There are many different kinds of support that you can offer your employees to help boost their productivity. First, make sure you have procedures in place to give immediate support when needed, for example, if they're handling a customer complaint. Secondly, it's also extremely important to have tech support on hand for them at all times, as these kinds of issues can have a big impact on productivity. For example, imagine that the software an employee is using freezes and they need expert help in fixing it, but they put a request in and they have to wait hours for somebody to get round to it. That is hours of work that they're not able to do. Software like TeamViewer allows a member of the tech support team to take over the computer of the employee; an extremely efficient way to solve problems.

Furthermore, make sure that you provide your employees with all of the hardware they need to carry out their role. A good way to make sure this doesn't pose any additional expense for you is to allow them to take the hardware they use in the office, home with them. Just make sure they sign an agreement to look after it. An extra benefit of this is that by working on your computers rather than their own, you can install software that blocks things like social media. Of course, they can access this separately on their own devices but it will lessen the distraction if it is not readily available by simply opening another tab.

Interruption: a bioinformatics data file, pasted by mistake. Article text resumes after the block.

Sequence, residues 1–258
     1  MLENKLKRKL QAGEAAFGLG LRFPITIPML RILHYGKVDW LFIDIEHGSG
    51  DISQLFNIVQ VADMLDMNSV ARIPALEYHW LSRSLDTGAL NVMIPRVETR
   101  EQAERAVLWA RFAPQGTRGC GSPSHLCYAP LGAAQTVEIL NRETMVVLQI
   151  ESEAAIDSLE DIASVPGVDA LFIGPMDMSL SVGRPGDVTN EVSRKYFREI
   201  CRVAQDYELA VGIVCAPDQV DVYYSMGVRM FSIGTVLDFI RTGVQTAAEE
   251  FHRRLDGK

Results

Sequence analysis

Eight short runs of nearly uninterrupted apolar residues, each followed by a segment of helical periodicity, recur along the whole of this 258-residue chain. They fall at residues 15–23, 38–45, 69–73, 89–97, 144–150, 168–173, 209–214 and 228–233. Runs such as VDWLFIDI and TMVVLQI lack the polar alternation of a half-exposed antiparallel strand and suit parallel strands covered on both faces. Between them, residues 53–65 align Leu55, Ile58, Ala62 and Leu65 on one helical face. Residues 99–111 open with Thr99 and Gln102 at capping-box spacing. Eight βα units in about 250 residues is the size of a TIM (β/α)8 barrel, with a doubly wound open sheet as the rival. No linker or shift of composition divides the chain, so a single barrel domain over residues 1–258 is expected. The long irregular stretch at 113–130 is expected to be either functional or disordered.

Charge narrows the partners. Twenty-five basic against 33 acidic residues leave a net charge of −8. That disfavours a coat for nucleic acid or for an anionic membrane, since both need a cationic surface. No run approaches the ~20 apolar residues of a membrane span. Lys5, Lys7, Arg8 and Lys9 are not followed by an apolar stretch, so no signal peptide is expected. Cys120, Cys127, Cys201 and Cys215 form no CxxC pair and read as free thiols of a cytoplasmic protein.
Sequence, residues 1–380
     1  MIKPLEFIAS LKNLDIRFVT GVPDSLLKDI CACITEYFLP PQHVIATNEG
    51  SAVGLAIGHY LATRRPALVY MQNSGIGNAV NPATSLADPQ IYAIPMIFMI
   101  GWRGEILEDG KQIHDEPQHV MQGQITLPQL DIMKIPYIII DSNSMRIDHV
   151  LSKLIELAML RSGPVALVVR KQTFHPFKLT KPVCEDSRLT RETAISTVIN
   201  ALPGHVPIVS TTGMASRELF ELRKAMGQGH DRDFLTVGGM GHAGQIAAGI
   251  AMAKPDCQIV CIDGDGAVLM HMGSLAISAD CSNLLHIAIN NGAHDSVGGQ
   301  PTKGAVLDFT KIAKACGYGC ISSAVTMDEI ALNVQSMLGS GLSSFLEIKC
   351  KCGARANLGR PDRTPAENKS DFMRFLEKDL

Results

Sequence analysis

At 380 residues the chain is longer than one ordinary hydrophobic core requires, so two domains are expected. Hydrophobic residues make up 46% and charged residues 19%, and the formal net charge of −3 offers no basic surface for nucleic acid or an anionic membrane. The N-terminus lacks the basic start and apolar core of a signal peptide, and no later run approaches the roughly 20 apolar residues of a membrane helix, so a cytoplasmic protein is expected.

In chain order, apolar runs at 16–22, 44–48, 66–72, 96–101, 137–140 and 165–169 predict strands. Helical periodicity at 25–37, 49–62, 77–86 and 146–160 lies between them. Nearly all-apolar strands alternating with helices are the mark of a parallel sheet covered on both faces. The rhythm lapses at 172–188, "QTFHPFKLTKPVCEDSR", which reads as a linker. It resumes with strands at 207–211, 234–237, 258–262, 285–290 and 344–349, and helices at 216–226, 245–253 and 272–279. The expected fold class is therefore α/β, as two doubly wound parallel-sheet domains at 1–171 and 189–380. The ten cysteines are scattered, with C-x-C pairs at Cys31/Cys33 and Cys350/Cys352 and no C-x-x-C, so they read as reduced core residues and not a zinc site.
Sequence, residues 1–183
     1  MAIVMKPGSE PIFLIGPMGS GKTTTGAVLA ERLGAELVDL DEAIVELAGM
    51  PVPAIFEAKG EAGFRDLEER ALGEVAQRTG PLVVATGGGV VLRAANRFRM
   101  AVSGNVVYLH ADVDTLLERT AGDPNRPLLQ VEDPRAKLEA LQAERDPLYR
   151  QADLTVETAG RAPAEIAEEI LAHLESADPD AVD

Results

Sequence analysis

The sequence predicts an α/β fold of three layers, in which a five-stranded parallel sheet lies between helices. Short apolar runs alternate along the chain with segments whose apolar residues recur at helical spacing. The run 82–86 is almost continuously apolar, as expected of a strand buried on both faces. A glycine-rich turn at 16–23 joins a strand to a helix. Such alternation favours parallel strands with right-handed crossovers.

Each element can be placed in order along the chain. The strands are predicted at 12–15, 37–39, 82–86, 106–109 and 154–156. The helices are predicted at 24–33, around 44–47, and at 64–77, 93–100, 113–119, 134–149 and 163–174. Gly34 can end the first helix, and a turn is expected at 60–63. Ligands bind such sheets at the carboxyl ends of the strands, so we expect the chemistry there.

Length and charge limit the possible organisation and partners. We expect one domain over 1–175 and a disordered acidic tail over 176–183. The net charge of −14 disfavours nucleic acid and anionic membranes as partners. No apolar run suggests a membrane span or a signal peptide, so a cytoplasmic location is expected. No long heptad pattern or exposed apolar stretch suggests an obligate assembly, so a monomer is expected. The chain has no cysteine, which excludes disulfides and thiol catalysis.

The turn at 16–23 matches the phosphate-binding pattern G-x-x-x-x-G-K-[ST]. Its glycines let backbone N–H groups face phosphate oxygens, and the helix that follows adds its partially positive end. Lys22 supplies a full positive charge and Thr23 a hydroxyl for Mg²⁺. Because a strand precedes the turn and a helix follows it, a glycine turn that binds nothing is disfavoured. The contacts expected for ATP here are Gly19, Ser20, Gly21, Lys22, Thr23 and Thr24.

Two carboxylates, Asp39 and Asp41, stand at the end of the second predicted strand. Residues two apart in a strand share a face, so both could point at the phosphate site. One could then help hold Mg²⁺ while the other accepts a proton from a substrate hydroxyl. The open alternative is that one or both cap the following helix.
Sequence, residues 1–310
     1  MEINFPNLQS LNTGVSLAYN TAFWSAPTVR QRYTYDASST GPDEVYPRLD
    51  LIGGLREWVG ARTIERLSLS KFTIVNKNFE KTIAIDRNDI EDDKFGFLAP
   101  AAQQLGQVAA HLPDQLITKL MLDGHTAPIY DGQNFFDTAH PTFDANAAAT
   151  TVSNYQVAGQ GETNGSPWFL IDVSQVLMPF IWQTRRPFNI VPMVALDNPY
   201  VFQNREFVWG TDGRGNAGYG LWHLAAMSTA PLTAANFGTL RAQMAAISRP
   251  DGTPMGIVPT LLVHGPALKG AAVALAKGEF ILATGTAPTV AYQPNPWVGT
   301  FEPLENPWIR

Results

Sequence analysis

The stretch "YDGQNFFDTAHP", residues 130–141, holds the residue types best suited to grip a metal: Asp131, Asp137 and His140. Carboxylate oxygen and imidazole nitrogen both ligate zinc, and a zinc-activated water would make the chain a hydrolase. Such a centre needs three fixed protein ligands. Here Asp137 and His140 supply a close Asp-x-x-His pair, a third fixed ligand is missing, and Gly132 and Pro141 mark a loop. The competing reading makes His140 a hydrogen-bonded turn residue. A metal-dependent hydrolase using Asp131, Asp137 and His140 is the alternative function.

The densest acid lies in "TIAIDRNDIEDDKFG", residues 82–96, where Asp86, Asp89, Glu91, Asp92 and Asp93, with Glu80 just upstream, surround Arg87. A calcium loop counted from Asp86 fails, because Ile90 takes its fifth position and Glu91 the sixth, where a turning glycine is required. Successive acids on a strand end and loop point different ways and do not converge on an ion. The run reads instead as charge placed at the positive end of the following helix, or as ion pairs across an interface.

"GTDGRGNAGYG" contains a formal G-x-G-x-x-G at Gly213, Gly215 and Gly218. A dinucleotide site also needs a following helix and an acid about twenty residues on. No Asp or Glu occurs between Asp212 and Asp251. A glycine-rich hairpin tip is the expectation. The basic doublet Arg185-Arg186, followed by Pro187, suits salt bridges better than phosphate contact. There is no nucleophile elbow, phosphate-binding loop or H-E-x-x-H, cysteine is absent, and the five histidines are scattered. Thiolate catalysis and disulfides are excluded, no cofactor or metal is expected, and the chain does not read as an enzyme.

Last but not least, another way to maintain productivity levels is to continue with any existing advancement schemes you have in place. If you expect them to carry on working hard, it would be fair for them to expect continued recognition. Things like promotions have the added benefit of boosting productivity too, which ensures that your company continues to grow even in these challenging times. You could even create new ways to recognise the kind of achievements that come with remote working.

Mental Health

So far, working from home has proven to be a struggle for some when it comes to their mental health. Extroverts especially struggle with the lack of social interaction that comes to being confined in their homes alone. In contrast, others face the challenge of creating a peaceful workplace in a busy home full of other people. With schools and nurseries facing closure at certain times during the pandemic, parents have to juggle work and childcare which can be extremely difficult. 

Some of the tips we've mentioned so far will really help with this variety of psychological challenges. Setting expectations on a weekly basis allows for greater flexibility and, in turn, increases the likelihood that parents will be able to juggle their time effectively and meet their goals. 40% of people feel the greatest benefit of remote work is the flexible schedule. Whereas keeping up communication within the team can really help those feeling lonely and disconnected. 

Anxiety over job security is a common complaint from those who have experienced remote working in the past year. This tends to happen as a result of feeling disconnected from their employer and worrying about a drop in their productivity as a result of the many new challenges they are facing. The best way to help them keep this at bay is through consistent communication, reassurance, and recognition of achievements. This is also why it is so important to set goals so that employees can clearly gauge their own progress.